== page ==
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  • 1
    In: PLoS Medicine, 2018, Vol.15(5)
    Description: [This corrects the article DOI: 10.1371/journal.pmed.1002541.].
    Keywords: Correction
    ISSN: 1549-1277
    E-ISSN: 1549-1676
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  • 2
    In: Journal of Proteomics & Bioinformatics, 2015, Vol.08(01)
    Description: Alternative splicing of messenger RNAs provides cells with the opportunity to create protein isoforms of a multitude of functions from a single gene by excluding or including exons during post-transcriptional processing. Reconstructing the contribution of these splice variants on the total amount of gene expression remains difficult. The authors have introduced a probabilistic formulation of the alternative splicing reconstruction problem using a finite mixture model, and provide a solution based on the maximum likelihood principle. Their model is based on the assumption that the expected expression level of exons in a particular splice variant is the same for all exons in that variant but allows for measurement error. In this algorithm the expression in a patient can be written as a weighted sum of the number of splice variant mixture multivariate Gaussian densities. The authors have applied the models to three genes, with 25, 29 and 265 possible splice variants, associated with Marfan's syndrome in gene/exon expression data of 63 patients with Marfan's syndrome.
    Keywords: Gene Expression ; Marfan'S Syndrome ; Data Processing ; Exons ; Algorithms ; Proteomics ; Bioinformatics ; Post-Transcription ; Connective Tissue Diseases ; Mrna ; Alternative Splicing ; Bioinformatics & Computer Applications ; Alternative Splicing ; Marfan Syndrome ; Gene Expression;
    ISSN: Journal of Proteomics & Bioinformatics
    E-ISSN: 0974276X
    Source: CrossRef
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  • 3
    Language: English
    In: JACC: Heart Failure, October 2014, Vol.2(5), pp.429-436
    Description: The present paper systematically reviews and compares existing prediction models in order to establish the strongest variables, models, and model characteristics in patients with heart failure predicting outcome. To improve decision making accurately predicting mortality and heart-failure hospitalization in patients with heart failure can be important for selecting patients with a poorer prognosis or nonresponders to current therapy, to improve decision making. MEDLINE/PubMed was searched for papers dealing with heart failure prediction models. To identify similar models on the basis of their variables hierarchical cluster analysis was performed. Meta-analysis was used to estimate the mean predictive value of the variables and models; meta-regression was used to find characteristics that explain variation in discriminating values between models. We identified 117 models in 55 papers. These models used 249 different variables. The strongest predictors were blood urea nitrogen and sodium. Four subgroups of models were identified. Mortality was most accurately predicted by prospective registry-type studies using a large number of clinical predictor variables. Mean C-statistic of all models was 0.66 ± 0.0005, with 0.71 ± 0.001, 0.68 ± 0.001 and 0.63 ± 0.001 for models predicting mortality, heart failure hospitalization, or both, respectively. There was no significant difference in discriminating value of models between patients with chronic and acute heart failure. Prediction of mortality and in particular heart failure hospitalization in patients with heart failure remains only moderately successful. The strongest predictors were blood urea nitrogen and sodium. The highest C-statistic values were achieved in a clinical setting, predicting short-term mortality with the use of models derived from prospective cohort/registry studies with a large number of predictor variables.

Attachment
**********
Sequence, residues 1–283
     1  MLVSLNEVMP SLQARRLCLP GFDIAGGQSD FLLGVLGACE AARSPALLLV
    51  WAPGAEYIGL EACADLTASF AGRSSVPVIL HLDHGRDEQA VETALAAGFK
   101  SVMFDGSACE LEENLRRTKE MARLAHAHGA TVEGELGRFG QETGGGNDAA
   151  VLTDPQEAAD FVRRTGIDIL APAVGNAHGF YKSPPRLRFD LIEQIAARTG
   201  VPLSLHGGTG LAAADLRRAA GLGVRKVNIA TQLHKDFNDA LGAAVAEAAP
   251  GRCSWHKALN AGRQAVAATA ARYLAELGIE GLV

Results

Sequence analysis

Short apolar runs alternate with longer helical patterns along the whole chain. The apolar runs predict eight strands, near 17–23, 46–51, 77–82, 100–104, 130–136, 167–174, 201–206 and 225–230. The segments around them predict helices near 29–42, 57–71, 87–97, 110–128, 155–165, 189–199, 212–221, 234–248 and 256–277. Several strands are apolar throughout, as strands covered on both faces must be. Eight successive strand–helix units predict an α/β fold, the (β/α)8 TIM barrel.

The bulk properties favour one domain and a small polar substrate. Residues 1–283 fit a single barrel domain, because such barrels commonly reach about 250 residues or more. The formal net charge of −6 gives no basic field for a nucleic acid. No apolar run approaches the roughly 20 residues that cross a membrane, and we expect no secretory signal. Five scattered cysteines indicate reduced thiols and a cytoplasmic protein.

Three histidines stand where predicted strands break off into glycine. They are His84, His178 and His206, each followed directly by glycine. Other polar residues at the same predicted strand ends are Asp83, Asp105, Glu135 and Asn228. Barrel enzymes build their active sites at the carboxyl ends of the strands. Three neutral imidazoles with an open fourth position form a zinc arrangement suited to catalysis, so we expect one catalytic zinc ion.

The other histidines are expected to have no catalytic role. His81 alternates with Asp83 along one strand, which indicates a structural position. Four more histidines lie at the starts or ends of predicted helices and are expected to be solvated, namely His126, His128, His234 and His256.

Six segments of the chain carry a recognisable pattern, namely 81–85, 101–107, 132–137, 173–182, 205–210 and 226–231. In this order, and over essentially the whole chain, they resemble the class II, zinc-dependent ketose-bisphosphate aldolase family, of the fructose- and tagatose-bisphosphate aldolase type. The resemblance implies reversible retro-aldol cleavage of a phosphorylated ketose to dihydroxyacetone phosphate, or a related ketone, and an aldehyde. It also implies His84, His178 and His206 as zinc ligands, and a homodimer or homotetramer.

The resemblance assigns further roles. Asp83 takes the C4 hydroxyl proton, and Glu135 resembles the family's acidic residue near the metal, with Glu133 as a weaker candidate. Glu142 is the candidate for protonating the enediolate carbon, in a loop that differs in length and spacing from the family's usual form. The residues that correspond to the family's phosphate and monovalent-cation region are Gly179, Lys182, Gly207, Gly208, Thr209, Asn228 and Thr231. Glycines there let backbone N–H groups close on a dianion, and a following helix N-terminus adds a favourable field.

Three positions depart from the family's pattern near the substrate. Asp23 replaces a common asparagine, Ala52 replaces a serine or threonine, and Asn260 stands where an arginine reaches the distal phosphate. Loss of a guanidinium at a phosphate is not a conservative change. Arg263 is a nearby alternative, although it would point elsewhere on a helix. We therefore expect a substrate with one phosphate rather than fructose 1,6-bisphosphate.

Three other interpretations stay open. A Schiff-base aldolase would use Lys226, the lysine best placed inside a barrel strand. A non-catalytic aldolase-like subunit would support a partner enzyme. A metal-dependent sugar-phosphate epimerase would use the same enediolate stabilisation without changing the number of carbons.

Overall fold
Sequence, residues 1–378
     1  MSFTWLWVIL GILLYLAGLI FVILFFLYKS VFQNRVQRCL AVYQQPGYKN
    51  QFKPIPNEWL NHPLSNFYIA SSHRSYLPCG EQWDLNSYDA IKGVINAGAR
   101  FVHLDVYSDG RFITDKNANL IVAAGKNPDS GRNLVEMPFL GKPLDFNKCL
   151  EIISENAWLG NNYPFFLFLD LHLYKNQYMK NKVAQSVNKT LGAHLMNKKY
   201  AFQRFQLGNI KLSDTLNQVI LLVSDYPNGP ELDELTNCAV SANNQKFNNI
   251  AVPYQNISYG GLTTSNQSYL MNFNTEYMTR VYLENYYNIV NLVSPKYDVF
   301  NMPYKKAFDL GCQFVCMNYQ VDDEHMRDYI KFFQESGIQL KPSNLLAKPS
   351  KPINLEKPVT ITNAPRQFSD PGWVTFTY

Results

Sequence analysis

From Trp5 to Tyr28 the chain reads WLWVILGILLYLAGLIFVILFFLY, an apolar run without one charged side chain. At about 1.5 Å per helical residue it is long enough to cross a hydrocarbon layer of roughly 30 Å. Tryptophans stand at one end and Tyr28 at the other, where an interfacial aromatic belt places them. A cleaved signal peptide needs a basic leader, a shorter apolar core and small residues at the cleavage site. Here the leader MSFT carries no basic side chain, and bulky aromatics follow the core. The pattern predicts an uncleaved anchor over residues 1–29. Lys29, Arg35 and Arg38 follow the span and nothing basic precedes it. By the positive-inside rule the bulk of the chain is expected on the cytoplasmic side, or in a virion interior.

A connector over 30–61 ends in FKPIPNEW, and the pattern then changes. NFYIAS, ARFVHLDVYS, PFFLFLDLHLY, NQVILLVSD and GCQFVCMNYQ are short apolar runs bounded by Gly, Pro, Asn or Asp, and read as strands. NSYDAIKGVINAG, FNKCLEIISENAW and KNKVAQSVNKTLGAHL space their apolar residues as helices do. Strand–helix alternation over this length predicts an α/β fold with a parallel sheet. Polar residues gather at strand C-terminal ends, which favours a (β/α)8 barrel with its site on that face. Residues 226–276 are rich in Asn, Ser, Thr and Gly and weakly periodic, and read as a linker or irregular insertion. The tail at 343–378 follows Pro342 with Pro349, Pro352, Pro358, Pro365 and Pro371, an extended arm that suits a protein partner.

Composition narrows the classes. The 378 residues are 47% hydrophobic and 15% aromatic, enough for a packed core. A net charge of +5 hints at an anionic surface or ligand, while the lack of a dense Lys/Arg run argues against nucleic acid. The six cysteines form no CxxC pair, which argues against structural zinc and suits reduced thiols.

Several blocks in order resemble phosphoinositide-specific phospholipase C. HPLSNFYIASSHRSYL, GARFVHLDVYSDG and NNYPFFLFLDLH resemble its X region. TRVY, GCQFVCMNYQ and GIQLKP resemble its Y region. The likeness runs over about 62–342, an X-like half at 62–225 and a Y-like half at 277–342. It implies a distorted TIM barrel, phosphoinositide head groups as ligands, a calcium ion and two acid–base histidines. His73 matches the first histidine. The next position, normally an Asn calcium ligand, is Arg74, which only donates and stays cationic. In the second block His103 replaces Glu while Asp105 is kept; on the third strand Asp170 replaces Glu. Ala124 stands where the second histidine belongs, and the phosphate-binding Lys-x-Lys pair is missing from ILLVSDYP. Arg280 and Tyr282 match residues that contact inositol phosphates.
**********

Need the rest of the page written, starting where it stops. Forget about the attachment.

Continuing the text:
Keywords: Heart Failure ; Outcome ; Prognosis ; Risk Factor ; Risk Prediction ; Medicine
    ISSN: 2213-1779
    E-ISSN: 2213-1787
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  • 4
    Language: English
    In: Journal of the American College of Cardiology, 04 September 2018, Vol.72(10), pp.1081-1090
    Description: Information on the pathophysiological differences between heart failure with reduced ejection fraction (HFrEF) versus heart failure with preserved ejection fraction (HFpEF) is needed The purpose of this study was to establish biological pathways specifically related to HFrEF and HFpEF. The authors performed a network analysis to identify unique biomarker correlations in HFrEF and HFpEF using 92 biomarkers from different pathophysiological domains in a cohort of 1,544 heart failure (HF) patients. Data were independently validated in 804 patients with HF. Networks were enriched with existing knowledge on protein–protein interactions and translated into biological pathways uniquely related to HFrEF, HF with a midrange ejection fraction, and HFpEF. In the index cohort (mean age 74 years; 34% female), 718 (47%) patients had HFrEF (left ventricular ejection fraction [LVEF] 〈40%) and 431 (27%) patients had HFpEF (LVEF ≥50%). A total of 8 (12%) correlations were unique for HFrEF and 6 (9%) were unique to HFpEF. Central proteins in HFrEF were N-terminal B-type natriuretic peptide, growth differentiation factor-15, interleukin-1 receptor type 1, and activating transcription factor 2, while central proteins in HFpEF were integrin subunit beta-2 and catenin beta-1. Biological pathways in HFrEF were related to DNA binding transcription factor activity, cellular protein metabolism, and regulation of nitric oxide biosynthesis. Unique pathways in patients with HFpEF were related to cytokine response, extracellular matrix organization, and inflammation. Biological pathways of patients with HF with a midrange ejection fraction were in between HFrEF and HFpEF. Network analysis showed that biomarker profiles specific for HFrEF are related to cellular proliferation and metabolism, whereas biomarker profiles specific for HFpEF are related to inflammation and extracellular matrix reorganization. (The BIOlogy Study to TAilored Treatment in Chronic Heart Failure [BIOSTAT-CHF]; EudraCT 2010-020808-29)